Plumbing issues arise when you least expect it, and sometimes it’s easier to get out the toolkit and fix them yourself. If you’re a do-it-yourselfer, this DIY Home Plumbing Guide will help you answer some of the most frequently asked questions related to your home’s plumbing. — and will make it clear when you need to ask for professional help!
▶ How do I unclog my toilet?
This is DIY Home Plumbing 101: the clogged toilet. For most clogs, a typical plunger will do the trick. However, you can fix a more stubborn clog with a little dish soap and hot water: the soap will lubricate the pipe while the hot water will break down the clogged materials.
▶ How do I un-jam my garbage disposal?
A jammed garbage disposal is a common problem, and you can often fix it with a simple Allen wrench. You may be able to insert the wrench into the bottom of the disposer and “crank” it to help free up a jam. However, if this doesn’t work, do not use your disposal. You could cause serious damage to the disposal motor or even the electrical system of your house.
▶ How do I fix a leaking faucet?
When a faucet is dripping, the internal mechanism of the faucet likely needs to be rebuilt or replaced. Which internal mechanism you need to fix depends on what kind of faucet you have.
- Compression faucets (which have hot and cold handles that you must loosen and tighten) are one of the most common. These faucets have washers under the handles that can corrode and cause leaks, so this should be the first place you check.
- Another common part that can become damaged is the O-ring — you can find these within the handles of various faucets, and will need replace them with a new and properly-sized part.
- Finally, if you have a cartridge faucet (which have handles that twist freely without compression) you will most likely need to replace the entire cartridge valve.
Note: turn off the water valve under the sink before you start!
▶ How do I prevent frozen pipes?
There are so many DIY methods for preventing your pipes from freezing that we wrote a dedicated blog post for it. Turning up your thermostat, sealing your home, and running your faucets are just a start for preventing frozen pipes — so we recommend you read our whole list!
▶ Is there really a difference between hard and soft water?
Yes, there really is a difference! The difference between hard and soft water can be damaging to your home and your body. Hard water is high in mineral content, particularly in calcium and magnesium, while soft water is treated to reduce mineral concentration. Be aware of the following signs of hard water in your home:
- Damaged clothing from the laundry
- Excessive soap consumption
- Pipe scaling
- Faucet and fixture deterioration
- Skin problems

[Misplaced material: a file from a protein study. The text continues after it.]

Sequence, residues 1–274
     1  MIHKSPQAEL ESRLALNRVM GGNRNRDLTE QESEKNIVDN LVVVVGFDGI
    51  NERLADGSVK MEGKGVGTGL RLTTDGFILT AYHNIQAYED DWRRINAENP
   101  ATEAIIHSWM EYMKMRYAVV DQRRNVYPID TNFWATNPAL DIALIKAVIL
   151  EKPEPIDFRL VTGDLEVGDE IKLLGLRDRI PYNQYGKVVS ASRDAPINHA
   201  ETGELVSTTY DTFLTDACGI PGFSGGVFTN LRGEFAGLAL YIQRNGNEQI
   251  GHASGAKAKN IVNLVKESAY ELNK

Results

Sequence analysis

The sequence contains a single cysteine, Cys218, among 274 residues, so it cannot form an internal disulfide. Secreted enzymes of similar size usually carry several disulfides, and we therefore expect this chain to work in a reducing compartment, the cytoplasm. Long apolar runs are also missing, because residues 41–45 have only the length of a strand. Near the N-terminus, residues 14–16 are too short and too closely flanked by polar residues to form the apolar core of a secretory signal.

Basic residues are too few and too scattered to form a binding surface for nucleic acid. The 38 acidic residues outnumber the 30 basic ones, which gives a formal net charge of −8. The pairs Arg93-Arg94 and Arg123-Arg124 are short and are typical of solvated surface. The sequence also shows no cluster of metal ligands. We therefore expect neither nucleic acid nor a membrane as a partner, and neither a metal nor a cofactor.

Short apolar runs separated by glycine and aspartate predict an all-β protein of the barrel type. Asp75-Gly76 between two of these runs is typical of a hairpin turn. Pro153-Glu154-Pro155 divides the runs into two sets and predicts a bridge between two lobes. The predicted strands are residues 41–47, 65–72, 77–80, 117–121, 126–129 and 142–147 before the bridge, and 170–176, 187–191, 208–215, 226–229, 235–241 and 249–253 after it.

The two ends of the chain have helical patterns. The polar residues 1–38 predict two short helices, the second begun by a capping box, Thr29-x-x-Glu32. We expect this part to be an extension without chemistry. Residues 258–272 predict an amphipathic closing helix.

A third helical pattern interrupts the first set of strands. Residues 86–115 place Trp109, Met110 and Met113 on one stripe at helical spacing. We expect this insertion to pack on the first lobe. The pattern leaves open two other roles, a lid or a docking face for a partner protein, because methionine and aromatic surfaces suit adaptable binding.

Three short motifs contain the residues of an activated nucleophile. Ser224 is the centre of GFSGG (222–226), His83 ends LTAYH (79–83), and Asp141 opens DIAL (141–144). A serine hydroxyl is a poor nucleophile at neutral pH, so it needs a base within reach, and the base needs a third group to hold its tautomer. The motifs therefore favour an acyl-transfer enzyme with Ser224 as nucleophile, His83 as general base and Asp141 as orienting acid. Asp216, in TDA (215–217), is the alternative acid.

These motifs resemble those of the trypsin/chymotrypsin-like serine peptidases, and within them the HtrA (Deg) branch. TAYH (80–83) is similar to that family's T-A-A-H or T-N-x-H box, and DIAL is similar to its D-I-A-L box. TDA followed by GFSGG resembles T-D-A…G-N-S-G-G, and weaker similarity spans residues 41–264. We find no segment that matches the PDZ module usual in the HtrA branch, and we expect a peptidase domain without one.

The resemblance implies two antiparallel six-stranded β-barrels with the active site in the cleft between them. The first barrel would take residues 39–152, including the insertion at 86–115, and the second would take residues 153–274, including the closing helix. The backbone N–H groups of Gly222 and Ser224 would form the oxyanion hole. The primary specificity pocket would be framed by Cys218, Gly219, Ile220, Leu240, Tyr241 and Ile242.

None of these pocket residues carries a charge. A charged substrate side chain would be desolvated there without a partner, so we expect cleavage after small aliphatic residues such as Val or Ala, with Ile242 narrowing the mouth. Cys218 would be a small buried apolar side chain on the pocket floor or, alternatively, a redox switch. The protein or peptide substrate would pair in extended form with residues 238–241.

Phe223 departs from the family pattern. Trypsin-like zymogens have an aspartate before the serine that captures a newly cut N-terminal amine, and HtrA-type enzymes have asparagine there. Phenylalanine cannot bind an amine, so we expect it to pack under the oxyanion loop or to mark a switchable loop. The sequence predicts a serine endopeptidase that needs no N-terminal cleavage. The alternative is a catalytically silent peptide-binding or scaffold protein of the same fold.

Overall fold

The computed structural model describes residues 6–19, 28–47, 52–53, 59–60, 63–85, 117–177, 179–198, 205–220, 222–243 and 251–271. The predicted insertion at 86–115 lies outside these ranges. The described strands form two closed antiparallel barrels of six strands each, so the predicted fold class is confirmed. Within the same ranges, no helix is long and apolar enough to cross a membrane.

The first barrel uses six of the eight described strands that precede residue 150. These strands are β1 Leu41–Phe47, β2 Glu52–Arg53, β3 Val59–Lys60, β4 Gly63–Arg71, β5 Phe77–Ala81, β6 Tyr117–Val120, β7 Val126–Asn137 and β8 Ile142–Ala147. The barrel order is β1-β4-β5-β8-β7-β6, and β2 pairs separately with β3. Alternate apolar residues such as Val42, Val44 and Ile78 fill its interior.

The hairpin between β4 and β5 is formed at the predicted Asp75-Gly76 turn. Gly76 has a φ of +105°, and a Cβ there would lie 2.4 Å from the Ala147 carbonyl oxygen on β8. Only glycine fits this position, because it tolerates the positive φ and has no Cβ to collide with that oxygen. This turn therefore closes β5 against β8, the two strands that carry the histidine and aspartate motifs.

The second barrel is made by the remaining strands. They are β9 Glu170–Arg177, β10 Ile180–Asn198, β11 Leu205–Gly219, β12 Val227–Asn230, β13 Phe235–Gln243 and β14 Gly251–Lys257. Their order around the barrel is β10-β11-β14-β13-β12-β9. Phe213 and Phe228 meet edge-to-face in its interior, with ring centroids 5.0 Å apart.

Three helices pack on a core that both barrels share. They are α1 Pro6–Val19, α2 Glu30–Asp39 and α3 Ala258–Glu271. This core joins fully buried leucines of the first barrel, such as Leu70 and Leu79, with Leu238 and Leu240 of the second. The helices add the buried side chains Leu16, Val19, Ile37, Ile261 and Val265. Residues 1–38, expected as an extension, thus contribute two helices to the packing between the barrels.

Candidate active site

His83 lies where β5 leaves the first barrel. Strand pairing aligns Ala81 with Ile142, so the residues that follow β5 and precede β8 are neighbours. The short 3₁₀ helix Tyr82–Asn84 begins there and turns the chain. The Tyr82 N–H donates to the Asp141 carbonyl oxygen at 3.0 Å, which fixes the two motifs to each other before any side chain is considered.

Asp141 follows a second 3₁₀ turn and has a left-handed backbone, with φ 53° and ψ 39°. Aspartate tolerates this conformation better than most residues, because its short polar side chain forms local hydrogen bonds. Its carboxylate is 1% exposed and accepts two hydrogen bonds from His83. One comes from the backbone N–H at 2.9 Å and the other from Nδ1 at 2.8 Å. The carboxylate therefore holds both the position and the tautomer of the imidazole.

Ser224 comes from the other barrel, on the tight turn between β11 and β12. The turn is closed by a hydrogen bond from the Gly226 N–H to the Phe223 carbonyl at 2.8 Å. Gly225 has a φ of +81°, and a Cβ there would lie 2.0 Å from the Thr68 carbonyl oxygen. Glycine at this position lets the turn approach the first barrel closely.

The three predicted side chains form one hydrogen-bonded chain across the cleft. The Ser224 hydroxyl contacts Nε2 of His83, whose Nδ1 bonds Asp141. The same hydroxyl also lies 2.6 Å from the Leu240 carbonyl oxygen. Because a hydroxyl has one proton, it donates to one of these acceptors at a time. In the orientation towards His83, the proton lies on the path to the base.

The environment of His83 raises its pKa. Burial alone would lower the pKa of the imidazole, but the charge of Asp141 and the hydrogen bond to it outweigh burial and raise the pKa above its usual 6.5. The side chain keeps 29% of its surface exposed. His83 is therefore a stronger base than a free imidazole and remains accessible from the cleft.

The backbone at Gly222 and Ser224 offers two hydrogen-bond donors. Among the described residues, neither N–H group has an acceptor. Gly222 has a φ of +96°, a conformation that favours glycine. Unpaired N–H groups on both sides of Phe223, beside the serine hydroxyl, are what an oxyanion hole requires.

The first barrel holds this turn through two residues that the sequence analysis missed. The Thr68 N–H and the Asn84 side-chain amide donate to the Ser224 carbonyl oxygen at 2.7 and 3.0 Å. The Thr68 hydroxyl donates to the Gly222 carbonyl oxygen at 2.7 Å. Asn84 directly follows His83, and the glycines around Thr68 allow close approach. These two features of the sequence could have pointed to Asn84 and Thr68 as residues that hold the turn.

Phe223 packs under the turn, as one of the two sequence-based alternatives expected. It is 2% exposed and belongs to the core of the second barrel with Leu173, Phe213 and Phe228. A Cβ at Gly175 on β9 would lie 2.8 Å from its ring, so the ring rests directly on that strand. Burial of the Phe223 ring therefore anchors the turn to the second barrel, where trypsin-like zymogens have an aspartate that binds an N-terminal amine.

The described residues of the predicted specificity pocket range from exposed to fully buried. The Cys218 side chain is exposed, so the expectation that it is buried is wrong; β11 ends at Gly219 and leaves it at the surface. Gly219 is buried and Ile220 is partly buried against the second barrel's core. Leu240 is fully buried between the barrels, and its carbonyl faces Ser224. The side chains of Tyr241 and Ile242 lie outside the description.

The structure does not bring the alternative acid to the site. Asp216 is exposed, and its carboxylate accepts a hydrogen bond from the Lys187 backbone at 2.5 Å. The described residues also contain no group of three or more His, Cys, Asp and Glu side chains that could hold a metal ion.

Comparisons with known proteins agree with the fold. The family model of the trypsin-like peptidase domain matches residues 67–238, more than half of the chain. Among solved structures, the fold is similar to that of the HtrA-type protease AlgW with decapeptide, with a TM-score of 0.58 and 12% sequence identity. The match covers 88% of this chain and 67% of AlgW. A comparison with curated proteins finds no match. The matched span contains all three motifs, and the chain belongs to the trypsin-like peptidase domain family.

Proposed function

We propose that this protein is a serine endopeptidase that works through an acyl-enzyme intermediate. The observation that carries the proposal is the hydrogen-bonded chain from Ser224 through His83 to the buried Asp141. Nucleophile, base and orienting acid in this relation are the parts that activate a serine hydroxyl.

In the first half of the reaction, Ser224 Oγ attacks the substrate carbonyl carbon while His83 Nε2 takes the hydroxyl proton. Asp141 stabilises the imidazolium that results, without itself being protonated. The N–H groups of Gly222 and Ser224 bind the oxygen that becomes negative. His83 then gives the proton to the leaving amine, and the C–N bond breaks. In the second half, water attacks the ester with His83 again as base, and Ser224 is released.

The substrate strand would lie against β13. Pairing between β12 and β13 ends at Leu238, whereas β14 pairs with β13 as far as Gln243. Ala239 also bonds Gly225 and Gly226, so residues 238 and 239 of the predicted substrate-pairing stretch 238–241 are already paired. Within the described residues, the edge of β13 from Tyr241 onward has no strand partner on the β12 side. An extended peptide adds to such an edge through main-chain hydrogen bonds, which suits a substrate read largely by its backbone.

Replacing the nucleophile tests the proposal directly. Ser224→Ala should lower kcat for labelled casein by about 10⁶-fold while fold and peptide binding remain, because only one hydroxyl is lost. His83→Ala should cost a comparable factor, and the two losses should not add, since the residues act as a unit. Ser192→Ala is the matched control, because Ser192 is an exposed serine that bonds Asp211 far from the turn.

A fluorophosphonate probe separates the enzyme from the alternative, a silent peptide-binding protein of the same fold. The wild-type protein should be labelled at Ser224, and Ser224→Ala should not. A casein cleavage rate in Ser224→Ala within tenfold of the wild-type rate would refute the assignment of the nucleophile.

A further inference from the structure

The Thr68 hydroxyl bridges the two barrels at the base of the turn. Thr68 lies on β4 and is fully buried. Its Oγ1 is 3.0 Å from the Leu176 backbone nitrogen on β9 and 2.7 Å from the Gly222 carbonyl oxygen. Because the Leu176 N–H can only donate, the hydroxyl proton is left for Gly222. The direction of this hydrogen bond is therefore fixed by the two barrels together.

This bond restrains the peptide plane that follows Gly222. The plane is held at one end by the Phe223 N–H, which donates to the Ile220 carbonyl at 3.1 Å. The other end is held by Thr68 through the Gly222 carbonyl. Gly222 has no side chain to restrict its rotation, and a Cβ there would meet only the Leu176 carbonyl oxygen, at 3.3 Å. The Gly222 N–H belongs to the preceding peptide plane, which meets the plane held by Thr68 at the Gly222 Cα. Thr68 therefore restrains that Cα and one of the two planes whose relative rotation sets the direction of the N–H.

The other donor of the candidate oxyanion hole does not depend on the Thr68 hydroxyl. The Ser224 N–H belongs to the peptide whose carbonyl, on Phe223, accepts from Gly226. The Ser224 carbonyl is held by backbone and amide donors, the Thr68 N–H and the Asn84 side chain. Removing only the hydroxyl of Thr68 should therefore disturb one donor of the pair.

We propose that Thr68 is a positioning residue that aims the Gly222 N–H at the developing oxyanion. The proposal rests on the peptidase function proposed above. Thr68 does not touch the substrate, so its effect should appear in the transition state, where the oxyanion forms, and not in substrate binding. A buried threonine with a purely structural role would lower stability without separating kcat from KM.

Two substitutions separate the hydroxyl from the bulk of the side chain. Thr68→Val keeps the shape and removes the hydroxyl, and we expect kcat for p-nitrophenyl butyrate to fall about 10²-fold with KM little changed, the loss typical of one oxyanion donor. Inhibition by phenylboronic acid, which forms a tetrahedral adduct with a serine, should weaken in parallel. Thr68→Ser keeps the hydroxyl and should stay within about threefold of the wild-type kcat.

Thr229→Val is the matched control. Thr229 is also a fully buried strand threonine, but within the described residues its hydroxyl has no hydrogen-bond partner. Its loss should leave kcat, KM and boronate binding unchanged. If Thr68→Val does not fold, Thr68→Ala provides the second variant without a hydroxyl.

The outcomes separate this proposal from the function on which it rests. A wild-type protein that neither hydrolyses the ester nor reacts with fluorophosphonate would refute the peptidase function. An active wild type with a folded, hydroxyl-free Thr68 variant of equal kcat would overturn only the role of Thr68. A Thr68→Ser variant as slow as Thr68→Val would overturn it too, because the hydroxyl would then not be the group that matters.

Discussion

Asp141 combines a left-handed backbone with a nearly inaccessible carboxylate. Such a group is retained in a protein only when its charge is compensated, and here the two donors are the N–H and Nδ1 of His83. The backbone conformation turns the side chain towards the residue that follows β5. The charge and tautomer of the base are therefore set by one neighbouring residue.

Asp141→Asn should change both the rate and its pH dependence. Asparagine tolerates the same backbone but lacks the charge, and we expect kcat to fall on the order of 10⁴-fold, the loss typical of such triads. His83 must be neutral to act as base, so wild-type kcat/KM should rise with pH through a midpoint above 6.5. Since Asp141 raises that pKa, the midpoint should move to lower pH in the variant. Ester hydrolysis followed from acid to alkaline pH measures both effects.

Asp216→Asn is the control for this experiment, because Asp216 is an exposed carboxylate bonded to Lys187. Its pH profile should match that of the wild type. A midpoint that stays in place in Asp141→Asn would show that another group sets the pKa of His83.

- Undesirable tastes or odors from your water
There are multiple ways to address hard water issues, including installing a home water-softening system. However, water treatment must be done safely and with proper testing, so we recommend you give us a call so we can discuss your options.
▶ What causes low water pressure and what can I do about it?
Several factors can cause low water pressure, including a partially closed or malfunctioning shut off valve, a crimped water line, or even deposits that gather in older galvanized pipes. If your neighbors have strong water pressure and your house does not, the problem is most likely on your end. One of our professional plumbing technicians will be able to identify the problem and explain your options to get the water pressure back to where you like it.
▶ What causes sump pump failure?
The most common cause for sump pump failure is a switching problem. If the pump shifts inside the basin, the float that operates the switch can lodge against the pump’s side, preventing it from properly working. Debris are also a major factor, as even tiny particles can interfere with the action of the pump switch. It is important to make sure that your pump switch and float arm assembly are able to move freely, and that you maintain your sump pump annually.
▶ Should I install a conventional or tankless water heater?
There are many things to consider when choosing between a conventional or tankless water heating system:
- Conventional water heaters are by far the most common type of water heater in the U.S. today. They range in size from 20 to 80 gallons (or larger) and are fueled by electricity, natural gas, propane, or oil. Called “storage” units, these water heaters transfer heat from a burner or coil to water in an insulated tank. The downside to a conventional water heater: they consume energy even when you aren’t using hot water.
- Tankless water heaters do not contain a storage tank like conventional water heaters. A gas burner or electric element heats the water only when there is a demand for hot water.
Williams Plumbing can guide you through your options and get the right system for home that will give you years of service and efficient performance.
Have other DIY questions? Go to our FAQ page to learn more.